Researchers have discovered how dopamine—a molecule important for communication between neurons in the brain—stimulates the synthesis of proteins in neuronal processes. This local stimulation of protein synthesis may modify synapses in the brain during learning, said the researchers.
The new findings add to the understanding of dopamine's influence on the brain's reward circuitry that appears to be altered by addictive drugs. The research team, led by Erin M. Schuman, a Howard Hughes Medical Institute investigator at the California Institute of Technology, published its findings in the March 3, 2005, issue of the journal
. Lead author on the paper was Bryan Smith in Schuman's laboratory.
Neurons trigger nerve impulses in their neighbors by launching bursts of neurotransmitters, such as glutamate and dopamine, across junctions called synapses. The neurotransmitter receiving stations on neurons are tiny spines that festoon the surfaces of dendrites, which are small branches that extend from neurons.
“Dopamine and regulation of dopamine signaling is important for reward circuits in the brain, including those responsible for our ability to learn about the positive or negative consequences of environmental stimuli including drugs of abuse,” said Schuman. Dopamine-triggered neuronal signaling is also involved in regulating motivation, and in such diseases as Parkinson's disease and schizophrenia, she said.
According to Schuman, it was known that dopamine influenced the strengthening of synaptic connections among neurons. It was also known that such strengthening, or plasticity, involved activation of protein synthesis in the dendrites, which somehow led to enhanced activity of other kinds of neurotransmitter receptors. However, she said, the mechanism by which dopamine influenced such local protein synthesis and triggered plasticity was not known.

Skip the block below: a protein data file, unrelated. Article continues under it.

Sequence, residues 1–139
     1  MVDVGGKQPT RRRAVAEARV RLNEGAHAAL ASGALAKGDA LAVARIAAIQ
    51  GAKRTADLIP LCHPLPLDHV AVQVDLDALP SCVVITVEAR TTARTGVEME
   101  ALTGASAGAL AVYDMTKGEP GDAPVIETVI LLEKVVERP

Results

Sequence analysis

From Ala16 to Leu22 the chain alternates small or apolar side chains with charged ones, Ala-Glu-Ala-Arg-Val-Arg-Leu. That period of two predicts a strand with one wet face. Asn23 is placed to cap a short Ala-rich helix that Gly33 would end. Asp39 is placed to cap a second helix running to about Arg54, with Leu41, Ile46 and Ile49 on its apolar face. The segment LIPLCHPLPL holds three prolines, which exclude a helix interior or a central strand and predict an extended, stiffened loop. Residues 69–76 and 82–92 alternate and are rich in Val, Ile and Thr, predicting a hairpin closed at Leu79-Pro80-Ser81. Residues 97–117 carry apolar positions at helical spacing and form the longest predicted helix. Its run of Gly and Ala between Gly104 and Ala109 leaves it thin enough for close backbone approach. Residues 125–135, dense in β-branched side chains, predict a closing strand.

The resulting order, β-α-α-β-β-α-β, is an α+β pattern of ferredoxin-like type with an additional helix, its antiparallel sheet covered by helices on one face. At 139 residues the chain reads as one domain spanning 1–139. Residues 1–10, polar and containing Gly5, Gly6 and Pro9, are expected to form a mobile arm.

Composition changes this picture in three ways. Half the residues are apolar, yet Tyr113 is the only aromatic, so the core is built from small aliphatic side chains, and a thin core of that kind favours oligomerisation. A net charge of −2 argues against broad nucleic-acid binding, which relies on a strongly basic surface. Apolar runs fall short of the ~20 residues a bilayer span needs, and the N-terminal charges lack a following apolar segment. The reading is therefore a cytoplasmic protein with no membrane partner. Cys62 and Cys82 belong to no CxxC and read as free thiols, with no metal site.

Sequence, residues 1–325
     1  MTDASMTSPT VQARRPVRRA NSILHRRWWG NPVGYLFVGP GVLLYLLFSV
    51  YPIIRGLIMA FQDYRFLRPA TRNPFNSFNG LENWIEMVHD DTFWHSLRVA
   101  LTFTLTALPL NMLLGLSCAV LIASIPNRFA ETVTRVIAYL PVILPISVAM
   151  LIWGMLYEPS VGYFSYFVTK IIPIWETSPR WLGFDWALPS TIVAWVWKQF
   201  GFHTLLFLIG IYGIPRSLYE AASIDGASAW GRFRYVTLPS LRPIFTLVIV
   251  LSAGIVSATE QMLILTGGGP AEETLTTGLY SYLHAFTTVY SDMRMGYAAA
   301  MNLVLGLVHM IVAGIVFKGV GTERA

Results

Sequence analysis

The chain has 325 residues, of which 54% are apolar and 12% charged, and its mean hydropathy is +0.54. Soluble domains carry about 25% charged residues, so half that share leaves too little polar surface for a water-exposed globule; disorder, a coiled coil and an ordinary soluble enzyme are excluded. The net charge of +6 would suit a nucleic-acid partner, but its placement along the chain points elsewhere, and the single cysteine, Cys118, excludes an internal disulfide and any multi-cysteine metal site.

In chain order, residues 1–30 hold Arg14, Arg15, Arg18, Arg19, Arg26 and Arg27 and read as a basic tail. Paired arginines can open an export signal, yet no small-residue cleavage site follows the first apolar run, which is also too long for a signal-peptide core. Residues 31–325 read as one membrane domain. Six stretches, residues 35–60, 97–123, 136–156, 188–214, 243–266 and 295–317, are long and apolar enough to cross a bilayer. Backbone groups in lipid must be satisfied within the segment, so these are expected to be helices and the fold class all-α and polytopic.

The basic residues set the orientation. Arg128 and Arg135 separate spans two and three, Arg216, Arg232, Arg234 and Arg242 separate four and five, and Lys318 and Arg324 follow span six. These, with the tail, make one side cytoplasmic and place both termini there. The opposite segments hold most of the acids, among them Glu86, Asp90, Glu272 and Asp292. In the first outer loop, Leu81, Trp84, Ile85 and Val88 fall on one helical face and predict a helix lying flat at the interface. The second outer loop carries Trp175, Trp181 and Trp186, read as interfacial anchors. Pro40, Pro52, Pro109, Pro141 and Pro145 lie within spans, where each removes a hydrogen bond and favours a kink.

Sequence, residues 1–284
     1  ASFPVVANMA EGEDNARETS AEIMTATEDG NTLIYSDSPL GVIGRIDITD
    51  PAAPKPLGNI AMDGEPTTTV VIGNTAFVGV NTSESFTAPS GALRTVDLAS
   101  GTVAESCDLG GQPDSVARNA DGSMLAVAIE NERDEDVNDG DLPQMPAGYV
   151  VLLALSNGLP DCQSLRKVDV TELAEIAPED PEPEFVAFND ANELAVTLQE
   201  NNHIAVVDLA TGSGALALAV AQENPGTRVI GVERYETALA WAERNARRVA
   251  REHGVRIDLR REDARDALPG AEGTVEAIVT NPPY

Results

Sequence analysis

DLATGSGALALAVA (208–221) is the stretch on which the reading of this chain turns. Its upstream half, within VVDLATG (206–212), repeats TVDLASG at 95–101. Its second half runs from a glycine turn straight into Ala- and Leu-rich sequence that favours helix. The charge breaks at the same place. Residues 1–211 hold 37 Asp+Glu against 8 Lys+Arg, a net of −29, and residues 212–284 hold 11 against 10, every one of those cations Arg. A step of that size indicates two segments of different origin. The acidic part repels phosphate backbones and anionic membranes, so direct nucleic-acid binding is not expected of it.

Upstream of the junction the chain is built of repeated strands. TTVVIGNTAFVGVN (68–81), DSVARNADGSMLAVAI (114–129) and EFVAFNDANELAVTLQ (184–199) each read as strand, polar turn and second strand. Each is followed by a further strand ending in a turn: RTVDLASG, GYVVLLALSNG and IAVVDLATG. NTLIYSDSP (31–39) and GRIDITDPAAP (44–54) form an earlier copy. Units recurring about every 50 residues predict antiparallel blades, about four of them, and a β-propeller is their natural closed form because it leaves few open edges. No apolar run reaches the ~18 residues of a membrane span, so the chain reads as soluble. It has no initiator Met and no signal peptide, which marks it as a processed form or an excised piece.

In their studies, Schuman and her colleagues introduced the gene for a fluorescent “reporter” molecule into cultured rat neurons, such that when protein synthesis was activated, the neurons would emit a telltale glow. When the researchers activated dopamine receptors on the dendrites, they detected the glow in the dendrites, revealing that dopamine did activate local protein synthesis and, thus, promoted plasticity. In a more targeted experiment, they introduced molecules directly into the dendrites that would tag newly synthesized endogenous proteins fluorescently. Those experiments also revealed local protein synthesis due to activation of dopamine receptors.
The researchers' measurements indicated that dopamine receptor activation triggered immediate enhancement of protein-synthesis-sensitive synaptic transmission among the neurons. “That's a result that people have been seeking for years,” said Schuman. “It's a very rapid effect on synaptic transmission that is protein-synthesis-sensitive.”
Schuman and her colleagues also identified a specific neurotransmitter receptor subunit whose synthesis was switched on by dopamine-triggered plasticity. That subunit, called GluR1, is part of another class of neurotransmitter receptors, called AMPA receptors—which play a key role in normal synaptic transmission and the plasticity associated with learning and memory. The researchers demonstrated that dopamine caused an increase in the GluR1 subunit delivery to the cell membrane, where it would be expected to play a role in enhancing responsiveness to transmitter.
“This evidence is consistent with the concept of the `silent synapse,'” said Schuman. “That idea holds that such synapses are functionally silent because they do not possess functional AMPA-type receptors. Rather, these silent synapses possess only receptors known as NMDA-type receptors, which are thought to be inactive. However, when AMPA-type receptors are inserted into the membrane, according to this theory, a silent synapse converts to an active one.”
The researchers also demonstrated a link between dopamine-related plasticity and NMDA receptor activity. They found that when they blocked NMDA receptors, the dopamine-regulated synthesis of GluR1, as well as enhanced synaptic transmission, were blocked. “This experiment showed that there may be some specificity to dopamine's actions, at least in how it stimulated local protein synthesis,” said Schuman. “You may need both dopamine release and functional NMDA receptors to trigger protein synthesis and plasticity.”
According to Schuman, their findings could have implications for understanding drug addiction and its treatment. “Over the past few years, investigators have begun to focus on the dendrite and its spines as potential sites that are altered during reward and addiction,” she said. “This raises the possibility that some of the signaling that goes awry during addiction may have to do with local protein synthesis.”